2. I think that is only part of the story. The new generation in turkey have not experienced repression and violence, and access to the internet etc means they are far more outward looking and independent than their rulers. the protest the other day when a man just stood in the square and stared into space is pure performance art. It has nothing to do with Islam or the past. These kids are clever and determined to bring about change. I am fascinated by it and think it may encourage others.

      3. One can hope so, but i’m somewhat pessimistic about that working out unless the army sides with the protesters. For each protester there are 100’s of 1000’s who sit silent. In Iran the mass uprising was much more widespread and violent. Still they recently voted for a religious madman as president nonetheless.

        In my native country and it’s neighbor live many Turks, not quite a few 3rd generation. They are not what you’d call a well integrated nice part of the population, in fact Islamic tendencies are even greater and most of them feel like Turk first and part of their adoptive country second. Also antisemitism is rife in those circles. One doesn’t just depose of a 1400 yr old culture in a generation or 2.

        Sure there will a small percentage of people that are enlightened, but the overwhelming majority is still stuck in the old ways.

  8. As a non-religious person living in a secular democracy, I think it’s tragic. I wouldn’t like the movement towards fundamentalist Islamicism if I were a woman in Turkey, or gay. But the Turks will do what the Turks will do, and progress (my definition of) is going to take a while, I agree with you there. It makes me think more than twice about stopping off in Istanbul though, so Turkey may well find that tourism numbers drop off (not that this will matter in the scheme of things).

    1. Look at what is happening in Brazil – a protest triggered by a small increase in bus fares but really a generation outraged at money being spent on football stadiums instead of hospitals and other public services. It feels like we are back in the late 60s only this time it is happening in so many places. As Dylan said back then “to mothers and fathers throughout the land, don’t criticise what you can’t understand. Your sons and your daughters are beyond your command…Please get out of the new world if you can’t lend a hand

    2. Ah, yes, I’ve heard this notion many times now, the belief that potential revolution in Turkey (as with the Arab Spring) will threaten to bring about fundamentalism. But this is a misnomer and frankly prejudicial. Somehow, the specter of Iran’s 1979 revolution still hangs over what people think about the Islamic world, but that’s its own case. The agitation in Turkey and in the Middle East is and has been all about democratic reform and an end to corruption and abuse. So believing this will mean the Muslim Brotherhood or other such factions will take over is a far-reaching assumption.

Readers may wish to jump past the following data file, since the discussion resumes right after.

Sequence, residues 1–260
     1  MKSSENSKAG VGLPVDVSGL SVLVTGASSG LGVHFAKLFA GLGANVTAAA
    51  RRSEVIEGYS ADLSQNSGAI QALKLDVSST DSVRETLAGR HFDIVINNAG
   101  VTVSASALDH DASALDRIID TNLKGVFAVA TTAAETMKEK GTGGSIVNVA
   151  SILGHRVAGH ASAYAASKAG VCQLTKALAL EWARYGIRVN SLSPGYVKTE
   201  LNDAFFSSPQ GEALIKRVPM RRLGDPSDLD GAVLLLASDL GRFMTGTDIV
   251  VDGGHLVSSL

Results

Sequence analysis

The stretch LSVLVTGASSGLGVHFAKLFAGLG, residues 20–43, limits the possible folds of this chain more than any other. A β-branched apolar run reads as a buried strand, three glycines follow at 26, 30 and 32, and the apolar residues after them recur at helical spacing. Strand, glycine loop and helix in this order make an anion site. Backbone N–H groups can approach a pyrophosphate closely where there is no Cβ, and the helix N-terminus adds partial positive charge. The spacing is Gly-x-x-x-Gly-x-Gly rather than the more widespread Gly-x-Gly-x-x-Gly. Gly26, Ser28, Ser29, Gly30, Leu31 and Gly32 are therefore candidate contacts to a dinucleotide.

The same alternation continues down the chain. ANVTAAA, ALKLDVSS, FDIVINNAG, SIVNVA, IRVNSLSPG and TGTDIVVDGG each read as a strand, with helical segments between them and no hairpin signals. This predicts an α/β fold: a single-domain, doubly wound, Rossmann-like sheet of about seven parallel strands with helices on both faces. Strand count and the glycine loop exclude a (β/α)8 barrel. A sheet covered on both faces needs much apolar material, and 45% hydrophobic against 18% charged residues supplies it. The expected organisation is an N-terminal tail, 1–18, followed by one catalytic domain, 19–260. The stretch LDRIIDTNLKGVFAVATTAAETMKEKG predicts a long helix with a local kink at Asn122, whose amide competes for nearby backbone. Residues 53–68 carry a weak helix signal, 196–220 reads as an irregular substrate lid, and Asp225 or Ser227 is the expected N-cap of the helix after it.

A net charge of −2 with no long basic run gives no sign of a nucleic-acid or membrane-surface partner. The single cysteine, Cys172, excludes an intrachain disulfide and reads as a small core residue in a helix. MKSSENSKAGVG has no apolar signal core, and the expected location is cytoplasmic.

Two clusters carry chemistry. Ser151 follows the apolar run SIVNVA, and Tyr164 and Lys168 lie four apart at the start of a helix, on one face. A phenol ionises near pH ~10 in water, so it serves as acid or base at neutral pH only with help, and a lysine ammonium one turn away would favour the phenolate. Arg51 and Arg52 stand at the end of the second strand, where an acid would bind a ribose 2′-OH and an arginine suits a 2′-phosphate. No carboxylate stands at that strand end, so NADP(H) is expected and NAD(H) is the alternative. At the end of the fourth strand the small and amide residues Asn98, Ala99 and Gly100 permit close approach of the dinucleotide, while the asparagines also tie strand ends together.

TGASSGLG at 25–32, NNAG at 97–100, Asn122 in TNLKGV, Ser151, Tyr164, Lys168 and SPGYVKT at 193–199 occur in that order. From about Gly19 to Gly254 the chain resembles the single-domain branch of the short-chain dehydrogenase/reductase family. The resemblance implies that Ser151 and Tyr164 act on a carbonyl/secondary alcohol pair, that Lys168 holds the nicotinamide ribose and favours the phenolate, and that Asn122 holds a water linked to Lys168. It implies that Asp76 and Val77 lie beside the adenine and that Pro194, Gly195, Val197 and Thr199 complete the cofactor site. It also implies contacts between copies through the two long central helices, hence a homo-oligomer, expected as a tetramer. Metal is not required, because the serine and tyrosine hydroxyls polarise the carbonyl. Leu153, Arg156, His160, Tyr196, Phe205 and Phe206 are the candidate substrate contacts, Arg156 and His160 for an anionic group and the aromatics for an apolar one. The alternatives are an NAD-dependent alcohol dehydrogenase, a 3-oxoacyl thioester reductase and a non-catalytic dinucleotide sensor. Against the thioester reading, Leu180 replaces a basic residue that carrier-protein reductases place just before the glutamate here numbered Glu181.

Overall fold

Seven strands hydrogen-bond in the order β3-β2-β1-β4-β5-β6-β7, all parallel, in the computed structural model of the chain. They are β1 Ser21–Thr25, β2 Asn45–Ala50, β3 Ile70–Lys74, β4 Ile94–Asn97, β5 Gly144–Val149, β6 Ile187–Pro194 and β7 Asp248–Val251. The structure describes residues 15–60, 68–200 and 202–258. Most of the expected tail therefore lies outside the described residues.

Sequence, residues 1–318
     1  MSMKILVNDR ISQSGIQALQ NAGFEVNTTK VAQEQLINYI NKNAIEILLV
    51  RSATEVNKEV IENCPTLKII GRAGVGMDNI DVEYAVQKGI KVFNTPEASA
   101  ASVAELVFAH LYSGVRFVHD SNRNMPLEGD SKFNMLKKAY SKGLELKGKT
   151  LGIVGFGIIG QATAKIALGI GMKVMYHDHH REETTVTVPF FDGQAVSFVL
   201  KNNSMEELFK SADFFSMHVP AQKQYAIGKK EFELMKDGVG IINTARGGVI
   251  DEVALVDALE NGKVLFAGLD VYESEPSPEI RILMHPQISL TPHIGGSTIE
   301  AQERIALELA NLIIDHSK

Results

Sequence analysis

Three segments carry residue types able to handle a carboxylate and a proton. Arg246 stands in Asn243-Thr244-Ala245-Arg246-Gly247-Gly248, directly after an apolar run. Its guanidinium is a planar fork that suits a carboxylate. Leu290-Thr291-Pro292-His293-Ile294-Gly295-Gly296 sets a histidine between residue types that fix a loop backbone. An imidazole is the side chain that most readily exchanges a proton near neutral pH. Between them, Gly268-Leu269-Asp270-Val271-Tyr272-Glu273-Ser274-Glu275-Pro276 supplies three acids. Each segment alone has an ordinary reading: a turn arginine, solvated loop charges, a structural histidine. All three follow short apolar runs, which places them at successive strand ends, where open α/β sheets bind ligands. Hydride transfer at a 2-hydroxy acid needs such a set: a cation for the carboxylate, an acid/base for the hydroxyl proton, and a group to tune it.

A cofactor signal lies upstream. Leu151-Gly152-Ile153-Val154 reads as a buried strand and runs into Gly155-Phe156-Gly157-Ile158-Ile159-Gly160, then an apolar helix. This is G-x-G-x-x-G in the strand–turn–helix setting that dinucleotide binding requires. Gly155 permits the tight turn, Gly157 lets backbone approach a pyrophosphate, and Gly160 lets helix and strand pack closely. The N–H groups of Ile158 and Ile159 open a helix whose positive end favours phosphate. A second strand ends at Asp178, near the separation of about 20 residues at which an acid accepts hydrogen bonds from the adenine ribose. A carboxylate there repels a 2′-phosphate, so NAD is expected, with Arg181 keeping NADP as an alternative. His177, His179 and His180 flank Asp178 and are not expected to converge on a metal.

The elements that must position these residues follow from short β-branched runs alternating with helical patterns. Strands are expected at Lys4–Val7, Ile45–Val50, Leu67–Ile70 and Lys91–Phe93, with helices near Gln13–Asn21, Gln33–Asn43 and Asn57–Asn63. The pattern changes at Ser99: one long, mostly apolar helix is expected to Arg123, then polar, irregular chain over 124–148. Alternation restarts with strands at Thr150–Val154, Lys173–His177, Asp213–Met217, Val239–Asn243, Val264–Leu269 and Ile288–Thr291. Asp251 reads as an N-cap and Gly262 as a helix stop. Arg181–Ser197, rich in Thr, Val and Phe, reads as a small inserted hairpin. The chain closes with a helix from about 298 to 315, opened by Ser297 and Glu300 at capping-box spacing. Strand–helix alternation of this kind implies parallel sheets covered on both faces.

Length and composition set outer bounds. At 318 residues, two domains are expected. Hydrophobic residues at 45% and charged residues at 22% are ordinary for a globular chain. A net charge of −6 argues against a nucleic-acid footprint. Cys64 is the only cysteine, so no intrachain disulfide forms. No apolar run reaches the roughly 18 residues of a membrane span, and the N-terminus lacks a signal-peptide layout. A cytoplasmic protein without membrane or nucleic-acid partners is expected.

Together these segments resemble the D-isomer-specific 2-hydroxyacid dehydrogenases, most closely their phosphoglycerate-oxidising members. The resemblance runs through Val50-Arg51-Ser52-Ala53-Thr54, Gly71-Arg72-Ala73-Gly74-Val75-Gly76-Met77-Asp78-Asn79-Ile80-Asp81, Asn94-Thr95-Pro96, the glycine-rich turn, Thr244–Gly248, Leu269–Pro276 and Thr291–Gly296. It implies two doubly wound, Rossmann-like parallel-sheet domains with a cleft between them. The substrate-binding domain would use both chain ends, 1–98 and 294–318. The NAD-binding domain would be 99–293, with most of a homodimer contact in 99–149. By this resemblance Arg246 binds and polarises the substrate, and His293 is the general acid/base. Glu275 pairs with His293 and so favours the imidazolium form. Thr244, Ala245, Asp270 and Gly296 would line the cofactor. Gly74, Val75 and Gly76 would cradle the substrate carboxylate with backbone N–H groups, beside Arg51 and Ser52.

And speaking of Iran, Ahmadinejad was elected in 2005 and got in based on anger over the US invasion in Iraq (right next door to Iran), Afghanistan (also right next door), and the fact Bush declared Iran an enemy in the “war on terror” – even though it had nothing to do with 9/11 and Iranians held a candlelight vigil to commemorate the victims. People were scared and with all the rhetoric coming out of Washington, they turned to a hardliner. But he is now out of office and has been replaced by the much more moderate and reformist Rouhani who’s already promised constitutional reform, economic rebuilding and closer ties with the US and its allies.

      So really, any assumptions that this will turn bad simply because the people are Turkish or Muslim seems misguided. Turkey is asking for an end to the authoritarian policies of their government, not mulah-led government or Taliban-style theocracy. And I agree with you, Rose, I think they’ll do just fine. Sorry for the rant, been bored today and it makes me philosophical and political. ACK!

      1. No, I like it when you rant! Really, I don’t know that much about Turkey, so I can’t talk with any authority about the various movements there. I just liked the place, liked the people – and I’m not overly keen on Islam (or on any other religion). My anarchist heart feels sore when government acts as if it has a life separate from the people it governs, as if it’s more like an autocratic ruler from the past than a democratic institution of the people. I feel that more people going round in black sacks (incidentally getting vitamin D deficiency) is not what the world needs – a western perspective, I know, but I’m not apologising for it. And I agree with you, the actions of the US and other countries, in sticking their noses in where they plainly weren’t wanted, is a big contributor to Iran’s current situation (but then, who didn’t want Saddam to be done away with – some good comes out of a lot of ill, there).


      2. Also, I should note I filed this comment in the wrong spot, it seems. I was responding to some things that were said in the comment section above, a bunch of people were talking Islam, Turkey, immigrants, etc. Don’t want to offend the wrong people 😉

  9. Leaders will follow the money. angela Merkel is now saying the riots will delay/prevent Turkey joining the EU, so this will help to tip the scales in faour of reform.

    1. Yeah, you’d hope so. The Turkish govt must have thought of that though. Mind you, if I was a European country not already IN the EU, I wouldn’t join up. Looks like a sinking concern to me!


    2. Going by his continued ranting about ‘foreign powers’ (by which he means Israel) stoking the fire of the protesters it’s clear the guy is not in our reality. Which means one can’t expect reasonable behavior. A bit like the Iranese ‘leaders’.